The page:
Every once in a while, I get a wake-up call that we often build communications and other materials around assuming a base set of abilities – ones that don’t always apply.
Flowing Data posted this morning, linking to waxy.org – a site I hadn’t come across before – and a blog on how nicely-designed charts can be impossible for people who are colourblind. In addition to showing the problem (see the image below), there’s a helpful guide about what to do to improve matters.
It’s easy to forget, however, that there’s a substantial portion of our audience that may have difficulties receiving material done in standard communications formats – I once turned up to run a workshop with stimulus material neatly typed up, to find that one participant had visual difficulties. Another time it was literacy. At some point, we will no doubt find ourselves running anecdote circles with people with hearing difficulties.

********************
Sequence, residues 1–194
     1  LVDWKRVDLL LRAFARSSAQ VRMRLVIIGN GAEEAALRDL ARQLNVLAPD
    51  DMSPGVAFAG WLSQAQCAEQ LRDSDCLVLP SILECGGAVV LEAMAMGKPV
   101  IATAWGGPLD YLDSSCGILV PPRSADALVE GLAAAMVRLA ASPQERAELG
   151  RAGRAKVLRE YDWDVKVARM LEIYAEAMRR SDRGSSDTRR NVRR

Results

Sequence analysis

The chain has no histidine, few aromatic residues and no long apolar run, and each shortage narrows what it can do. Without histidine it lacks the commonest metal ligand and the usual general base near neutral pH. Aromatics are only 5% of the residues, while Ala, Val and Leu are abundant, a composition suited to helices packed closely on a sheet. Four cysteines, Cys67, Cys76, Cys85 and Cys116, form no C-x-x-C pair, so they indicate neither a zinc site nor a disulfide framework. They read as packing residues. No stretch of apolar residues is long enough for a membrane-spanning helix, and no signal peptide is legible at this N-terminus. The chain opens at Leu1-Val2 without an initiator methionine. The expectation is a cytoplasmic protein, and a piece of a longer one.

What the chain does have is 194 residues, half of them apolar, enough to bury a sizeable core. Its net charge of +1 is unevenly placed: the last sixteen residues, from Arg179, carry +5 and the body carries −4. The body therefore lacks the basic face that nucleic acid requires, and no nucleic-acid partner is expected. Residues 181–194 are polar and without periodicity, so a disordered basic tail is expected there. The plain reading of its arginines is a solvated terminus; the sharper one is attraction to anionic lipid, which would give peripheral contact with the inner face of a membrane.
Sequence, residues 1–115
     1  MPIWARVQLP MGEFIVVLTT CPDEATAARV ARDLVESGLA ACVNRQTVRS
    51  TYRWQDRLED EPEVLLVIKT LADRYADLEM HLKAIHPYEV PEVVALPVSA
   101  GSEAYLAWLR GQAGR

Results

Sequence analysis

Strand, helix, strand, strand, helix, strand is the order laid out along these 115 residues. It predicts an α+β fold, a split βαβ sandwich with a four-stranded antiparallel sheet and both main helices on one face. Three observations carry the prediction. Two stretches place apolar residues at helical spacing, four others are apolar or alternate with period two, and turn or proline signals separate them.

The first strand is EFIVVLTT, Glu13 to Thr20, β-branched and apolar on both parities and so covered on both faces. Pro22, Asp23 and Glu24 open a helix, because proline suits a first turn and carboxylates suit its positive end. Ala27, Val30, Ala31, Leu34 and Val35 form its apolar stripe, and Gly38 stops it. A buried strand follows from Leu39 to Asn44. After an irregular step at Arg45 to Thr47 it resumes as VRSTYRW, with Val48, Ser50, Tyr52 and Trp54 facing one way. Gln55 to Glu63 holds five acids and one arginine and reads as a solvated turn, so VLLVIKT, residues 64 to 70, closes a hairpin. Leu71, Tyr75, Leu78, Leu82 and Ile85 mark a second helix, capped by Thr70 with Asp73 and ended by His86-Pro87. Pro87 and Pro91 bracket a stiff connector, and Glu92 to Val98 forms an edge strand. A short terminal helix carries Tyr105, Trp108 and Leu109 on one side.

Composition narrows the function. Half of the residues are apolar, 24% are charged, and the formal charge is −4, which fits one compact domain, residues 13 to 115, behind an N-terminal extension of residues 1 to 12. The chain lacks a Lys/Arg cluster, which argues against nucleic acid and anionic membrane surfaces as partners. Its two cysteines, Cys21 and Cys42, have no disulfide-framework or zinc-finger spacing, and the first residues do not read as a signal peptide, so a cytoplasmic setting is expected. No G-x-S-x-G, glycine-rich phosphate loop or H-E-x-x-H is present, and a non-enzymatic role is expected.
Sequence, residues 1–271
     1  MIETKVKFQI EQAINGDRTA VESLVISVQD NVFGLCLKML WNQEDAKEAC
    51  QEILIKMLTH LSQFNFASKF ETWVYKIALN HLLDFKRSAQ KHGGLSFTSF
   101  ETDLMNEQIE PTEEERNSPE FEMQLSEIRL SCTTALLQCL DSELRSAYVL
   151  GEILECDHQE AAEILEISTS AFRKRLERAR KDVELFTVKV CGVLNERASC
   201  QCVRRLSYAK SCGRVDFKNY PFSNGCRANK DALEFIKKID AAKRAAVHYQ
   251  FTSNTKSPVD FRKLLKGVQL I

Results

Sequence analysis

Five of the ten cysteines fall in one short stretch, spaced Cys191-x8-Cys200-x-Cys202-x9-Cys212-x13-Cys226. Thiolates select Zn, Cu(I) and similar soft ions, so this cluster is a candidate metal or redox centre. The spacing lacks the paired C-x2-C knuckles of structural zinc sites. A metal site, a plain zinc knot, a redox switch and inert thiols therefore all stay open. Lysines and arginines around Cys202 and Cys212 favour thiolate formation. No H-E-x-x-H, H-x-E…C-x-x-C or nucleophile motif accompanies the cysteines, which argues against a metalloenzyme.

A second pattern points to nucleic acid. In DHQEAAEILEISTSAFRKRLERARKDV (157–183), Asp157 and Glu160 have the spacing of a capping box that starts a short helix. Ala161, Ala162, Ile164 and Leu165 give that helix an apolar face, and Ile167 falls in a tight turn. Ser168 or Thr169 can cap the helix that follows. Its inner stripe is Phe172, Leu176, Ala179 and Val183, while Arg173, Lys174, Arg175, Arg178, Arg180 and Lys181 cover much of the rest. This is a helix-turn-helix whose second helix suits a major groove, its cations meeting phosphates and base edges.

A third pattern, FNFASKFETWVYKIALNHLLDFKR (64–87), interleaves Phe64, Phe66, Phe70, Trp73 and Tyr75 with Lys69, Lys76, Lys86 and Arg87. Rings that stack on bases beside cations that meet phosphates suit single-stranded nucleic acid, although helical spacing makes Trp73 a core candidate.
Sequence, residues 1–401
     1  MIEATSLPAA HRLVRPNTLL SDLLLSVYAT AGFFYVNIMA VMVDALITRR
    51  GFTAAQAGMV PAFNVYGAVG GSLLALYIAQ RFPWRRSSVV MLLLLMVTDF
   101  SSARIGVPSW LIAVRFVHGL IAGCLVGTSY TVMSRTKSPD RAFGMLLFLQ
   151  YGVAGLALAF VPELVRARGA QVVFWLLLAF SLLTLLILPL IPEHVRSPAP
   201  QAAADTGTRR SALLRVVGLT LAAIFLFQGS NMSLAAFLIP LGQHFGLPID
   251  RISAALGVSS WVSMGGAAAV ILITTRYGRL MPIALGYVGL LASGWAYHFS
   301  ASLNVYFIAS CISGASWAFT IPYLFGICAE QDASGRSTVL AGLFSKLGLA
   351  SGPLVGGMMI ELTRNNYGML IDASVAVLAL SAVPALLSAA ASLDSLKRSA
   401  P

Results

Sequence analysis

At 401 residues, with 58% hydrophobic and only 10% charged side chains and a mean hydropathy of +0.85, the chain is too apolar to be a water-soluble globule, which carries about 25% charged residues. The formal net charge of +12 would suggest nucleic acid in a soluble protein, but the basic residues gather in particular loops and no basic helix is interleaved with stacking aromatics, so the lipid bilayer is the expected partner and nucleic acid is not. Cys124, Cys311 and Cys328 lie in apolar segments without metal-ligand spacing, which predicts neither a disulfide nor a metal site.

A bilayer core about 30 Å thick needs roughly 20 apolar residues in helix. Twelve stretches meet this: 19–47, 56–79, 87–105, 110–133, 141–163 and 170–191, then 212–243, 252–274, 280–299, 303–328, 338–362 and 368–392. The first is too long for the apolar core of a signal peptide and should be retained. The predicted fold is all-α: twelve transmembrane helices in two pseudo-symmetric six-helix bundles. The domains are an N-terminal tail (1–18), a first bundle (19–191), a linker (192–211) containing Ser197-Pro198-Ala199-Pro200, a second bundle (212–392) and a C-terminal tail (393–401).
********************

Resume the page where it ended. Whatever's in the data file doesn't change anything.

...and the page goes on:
The first few times we come across them, shifting mindset to produce communications and materials for people outside of our standard skillset or culture can be difficult. Once committed to, however, it quickly becomes just part of the landscape without needing special extra thought.
But the startpoint is to know – or estimate – how many people in the organisation may be effected. And it’s better to estimate high rather than assume low numbers…